Okay, I’m as much for burning cleaner fuels as the next guy, but we cannot allow ourselves to be lulled into a false sense of security about biodiesels or ethanol. To do so is both bad science and bad public policy. A switch to these fuels must **still** be coupled to a reduction in overall consumption (i.e. much tighter regulations, alternative multi-head transportation, higher fuel economies) or we will have twice the disaster on our hands.
World demand continues to rise. At least with fossil fuels our collateral damage is somewhat limited in nature, scaling (discounting secondary effects) linearly with consumption. Not so with biofuels. Imagine a world in which we don’t curb demand—every last rainforest clear cut, food crops for the world’s hungry being stamped out by fuel crops, which consume 10 times the amount of water and provide little nutrition in comparison. Soil erosion, a complete disruption of biodiversity as nearly the entire surface of the planet is reformed into one of two topologies: the road ecosystem and the fuel growth ecosystem. There will be nothing left. Nothing. No water, no fertile soil, no oxygen production infrastructure, nothing. Our wars will not be fuel vs. nations, but rather fuel vs. food and water—in short, the wealthy (among whom one will find the fuel growers of the future like ADM) will destroy the planet utterly on the backs of the poor at a much greater rate than they do today.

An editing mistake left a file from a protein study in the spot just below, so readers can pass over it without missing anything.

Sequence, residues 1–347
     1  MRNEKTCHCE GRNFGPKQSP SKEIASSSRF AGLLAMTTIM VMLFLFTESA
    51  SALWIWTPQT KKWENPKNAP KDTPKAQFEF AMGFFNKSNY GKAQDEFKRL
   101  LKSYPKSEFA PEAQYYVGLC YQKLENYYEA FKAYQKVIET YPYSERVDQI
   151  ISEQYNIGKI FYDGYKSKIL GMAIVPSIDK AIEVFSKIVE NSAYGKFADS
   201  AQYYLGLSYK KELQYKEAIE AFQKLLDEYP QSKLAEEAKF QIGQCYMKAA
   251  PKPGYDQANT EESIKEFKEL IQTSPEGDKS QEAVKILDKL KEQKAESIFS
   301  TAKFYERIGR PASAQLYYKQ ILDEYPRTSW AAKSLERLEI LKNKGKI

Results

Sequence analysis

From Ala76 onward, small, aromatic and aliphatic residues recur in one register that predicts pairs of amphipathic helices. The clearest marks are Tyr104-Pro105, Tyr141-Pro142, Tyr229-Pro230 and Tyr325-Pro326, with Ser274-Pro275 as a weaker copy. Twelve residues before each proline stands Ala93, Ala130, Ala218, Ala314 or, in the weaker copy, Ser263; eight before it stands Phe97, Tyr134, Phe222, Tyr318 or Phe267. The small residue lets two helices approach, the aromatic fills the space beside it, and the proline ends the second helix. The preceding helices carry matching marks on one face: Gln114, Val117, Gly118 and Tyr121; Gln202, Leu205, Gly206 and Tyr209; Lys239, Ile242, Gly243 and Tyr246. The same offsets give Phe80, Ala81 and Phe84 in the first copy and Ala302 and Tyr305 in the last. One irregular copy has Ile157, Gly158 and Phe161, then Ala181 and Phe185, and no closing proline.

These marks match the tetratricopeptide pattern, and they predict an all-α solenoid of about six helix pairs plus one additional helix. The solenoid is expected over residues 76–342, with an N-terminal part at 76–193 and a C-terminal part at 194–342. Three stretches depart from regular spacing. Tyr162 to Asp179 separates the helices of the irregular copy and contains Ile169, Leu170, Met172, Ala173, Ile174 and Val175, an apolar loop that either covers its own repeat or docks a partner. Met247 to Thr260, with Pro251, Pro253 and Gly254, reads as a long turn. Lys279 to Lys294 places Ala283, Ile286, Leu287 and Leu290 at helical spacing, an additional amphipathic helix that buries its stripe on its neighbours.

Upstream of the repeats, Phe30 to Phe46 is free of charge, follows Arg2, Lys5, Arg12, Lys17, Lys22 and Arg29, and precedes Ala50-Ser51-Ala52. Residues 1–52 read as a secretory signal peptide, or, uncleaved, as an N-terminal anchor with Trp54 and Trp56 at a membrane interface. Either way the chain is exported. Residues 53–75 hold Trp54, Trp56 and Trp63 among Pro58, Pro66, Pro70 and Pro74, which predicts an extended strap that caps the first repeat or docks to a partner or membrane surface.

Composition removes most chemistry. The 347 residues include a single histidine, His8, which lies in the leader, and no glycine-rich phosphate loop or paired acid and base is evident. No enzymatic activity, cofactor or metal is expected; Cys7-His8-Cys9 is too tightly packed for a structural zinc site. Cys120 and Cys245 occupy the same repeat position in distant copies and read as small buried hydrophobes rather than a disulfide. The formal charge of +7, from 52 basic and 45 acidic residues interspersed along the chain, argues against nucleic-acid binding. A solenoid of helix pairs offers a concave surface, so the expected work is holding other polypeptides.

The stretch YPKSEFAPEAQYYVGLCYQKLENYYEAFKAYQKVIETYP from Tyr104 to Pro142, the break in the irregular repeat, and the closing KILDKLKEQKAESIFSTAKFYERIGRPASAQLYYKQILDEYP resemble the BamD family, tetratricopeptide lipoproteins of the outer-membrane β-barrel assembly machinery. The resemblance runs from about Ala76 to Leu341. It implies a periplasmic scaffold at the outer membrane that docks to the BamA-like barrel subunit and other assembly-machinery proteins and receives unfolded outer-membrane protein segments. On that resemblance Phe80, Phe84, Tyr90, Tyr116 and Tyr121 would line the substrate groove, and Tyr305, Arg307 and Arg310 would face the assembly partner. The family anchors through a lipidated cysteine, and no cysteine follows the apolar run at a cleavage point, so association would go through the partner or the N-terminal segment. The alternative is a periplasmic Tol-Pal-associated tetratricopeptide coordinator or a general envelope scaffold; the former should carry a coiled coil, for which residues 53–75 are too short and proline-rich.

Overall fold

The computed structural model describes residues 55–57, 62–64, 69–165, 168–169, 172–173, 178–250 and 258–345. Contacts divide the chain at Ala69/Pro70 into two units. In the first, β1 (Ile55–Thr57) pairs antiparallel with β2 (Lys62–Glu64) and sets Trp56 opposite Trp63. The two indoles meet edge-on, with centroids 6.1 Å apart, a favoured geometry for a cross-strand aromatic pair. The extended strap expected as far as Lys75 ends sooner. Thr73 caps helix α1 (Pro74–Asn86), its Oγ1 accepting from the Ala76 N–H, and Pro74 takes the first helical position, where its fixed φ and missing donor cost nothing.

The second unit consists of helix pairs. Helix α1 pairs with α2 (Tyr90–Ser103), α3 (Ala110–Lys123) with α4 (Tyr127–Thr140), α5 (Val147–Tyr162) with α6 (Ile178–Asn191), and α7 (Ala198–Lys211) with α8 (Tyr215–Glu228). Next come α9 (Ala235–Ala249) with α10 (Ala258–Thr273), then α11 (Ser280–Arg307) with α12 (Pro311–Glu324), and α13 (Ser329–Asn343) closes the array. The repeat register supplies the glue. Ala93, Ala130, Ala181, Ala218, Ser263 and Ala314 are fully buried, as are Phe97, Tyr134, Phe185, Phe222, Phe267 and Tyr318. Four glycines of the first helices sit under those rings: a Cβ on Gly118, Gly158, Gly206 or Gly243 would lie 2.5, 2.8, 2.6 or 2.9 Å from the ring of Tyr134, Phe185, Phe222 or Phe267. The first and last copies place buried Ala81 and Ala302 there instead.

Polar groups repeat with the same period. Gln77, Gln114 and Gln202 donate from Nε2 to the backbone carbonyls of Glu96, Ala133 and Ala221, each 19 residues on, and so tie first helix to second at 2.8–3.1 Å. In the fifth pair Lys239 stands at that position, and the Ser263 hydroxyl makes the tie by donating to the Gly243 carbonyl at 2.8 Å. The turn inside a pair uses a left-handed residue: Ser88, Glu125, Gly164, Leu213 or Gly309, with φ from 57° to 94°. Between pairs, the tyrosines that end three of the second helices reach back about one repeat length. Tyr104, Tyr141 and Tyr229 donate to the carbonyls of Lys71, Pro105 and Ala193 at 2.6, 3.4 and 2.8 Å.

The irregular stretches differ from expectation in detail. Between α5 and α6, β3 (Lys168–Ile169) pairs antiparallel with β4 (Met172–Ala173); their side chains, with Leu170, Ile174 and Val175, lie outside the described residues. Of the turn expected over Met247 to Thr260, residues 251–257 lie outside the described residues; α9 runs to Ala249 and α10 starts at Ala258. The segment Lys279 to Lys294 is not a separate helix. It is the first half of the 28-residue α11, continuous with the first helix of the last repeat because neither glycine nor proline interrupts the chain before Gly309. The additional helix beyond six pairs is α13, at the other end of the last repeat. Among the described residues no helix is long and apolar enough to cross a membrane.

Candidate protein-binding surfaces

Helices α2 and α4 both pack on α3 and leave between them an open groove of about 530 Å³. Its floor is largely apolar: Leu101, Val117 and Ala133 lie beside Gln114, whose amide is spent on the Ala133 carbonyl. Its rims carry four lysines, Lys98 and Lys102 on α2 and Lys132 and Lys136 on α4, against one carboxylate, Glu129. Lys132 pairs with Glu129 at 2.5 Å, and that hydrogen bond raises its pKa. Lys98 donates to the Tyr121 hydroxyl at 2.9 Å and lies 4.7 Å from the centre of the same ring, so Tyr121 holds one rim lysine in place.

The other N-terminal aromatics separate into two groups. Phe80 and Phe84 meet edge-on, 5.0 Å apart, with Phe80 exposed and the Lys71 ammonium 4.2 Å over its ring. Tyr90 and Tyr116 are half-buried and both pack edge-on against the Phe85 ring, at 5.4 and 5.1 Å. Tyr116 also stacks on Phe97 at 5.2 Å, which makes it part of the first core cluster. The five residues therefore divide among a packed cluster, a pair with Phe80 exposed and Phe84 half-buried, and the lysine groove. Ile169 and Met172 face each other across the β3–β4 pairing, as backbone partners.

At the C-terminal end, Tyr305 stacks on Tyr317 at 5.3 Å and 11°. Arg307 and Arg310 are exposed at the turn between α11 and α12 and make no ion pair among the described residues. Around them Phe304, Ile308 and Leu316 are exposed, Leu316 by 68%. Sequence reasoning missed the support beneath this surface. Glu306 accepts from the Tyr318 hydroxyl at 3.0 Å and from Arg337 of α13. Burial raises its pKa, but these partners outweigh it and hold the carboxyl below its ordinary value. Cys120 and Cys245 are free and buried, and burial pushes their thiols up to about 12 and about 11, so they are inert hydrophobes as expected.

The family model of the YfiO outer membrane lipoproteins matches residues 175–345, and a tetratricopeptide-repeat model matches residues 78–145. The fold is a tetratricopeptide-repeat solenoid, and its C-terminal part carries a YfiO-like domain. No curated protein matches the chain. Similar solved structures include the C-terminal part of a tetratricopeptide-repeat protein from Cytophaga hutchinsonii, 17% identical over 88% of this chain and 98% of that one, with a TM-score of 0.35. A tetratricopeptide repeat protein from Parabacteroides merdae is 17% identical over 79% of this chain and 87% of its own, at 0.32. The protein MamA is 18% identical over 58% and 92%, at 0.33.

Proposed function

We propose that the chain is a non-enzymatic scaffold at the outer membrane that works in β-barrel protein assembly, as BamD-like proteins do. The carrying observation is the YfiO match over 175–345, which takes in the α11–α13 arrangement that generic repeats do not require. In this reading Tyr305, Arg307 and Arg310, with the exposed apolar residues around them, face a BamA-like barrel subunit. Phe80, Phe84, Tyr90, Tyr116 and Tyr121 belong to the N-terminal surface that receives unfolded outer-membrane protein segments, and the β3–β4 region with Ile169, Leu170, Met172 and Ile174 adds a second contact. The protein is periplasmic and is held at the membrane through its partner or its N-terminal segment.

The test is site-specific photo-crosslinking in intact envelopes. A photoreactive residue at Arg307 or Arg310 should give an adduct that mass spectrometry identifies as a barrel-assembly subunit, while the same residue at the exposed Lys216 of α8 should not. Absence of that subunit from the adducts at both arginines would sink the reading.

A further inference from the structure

Biofuels are better than fossil fuels, true, in terms of raw cleanliness and immediate sustainability. But to switch to biofuels entirely without also implementing the strongest of conservation policies around the world as demand continues to rise exponentially is to bring about a level of devastation that fossil fuels never could (since we would have run out) as every “emerging market” across the globe gradually seeks to reach the one-car-per-person superindustrialization that we in the US enjoy.
I’d rather have the food, the water, the oxygen, and the forest than a planet whose entire surface is dedicated to the ultrarationalized industrial growing of corn so long as we can sustain it (and if we don’t preserve the forests and conserve water, we won’t for very long). But that’s me.
All we’d have to do is switch back to bicycles… which would also solve the metals/mining problem, the obesity problem, the greenhouse gas problem, the rapidly escalating global corn allergy problem (do you know how many products, from paper to portable computers, are dependent on corn byproducts today?) and probably a dozen other problems, too.
Conserve, please—don’t just get excited about corn-based fuel and switch problems.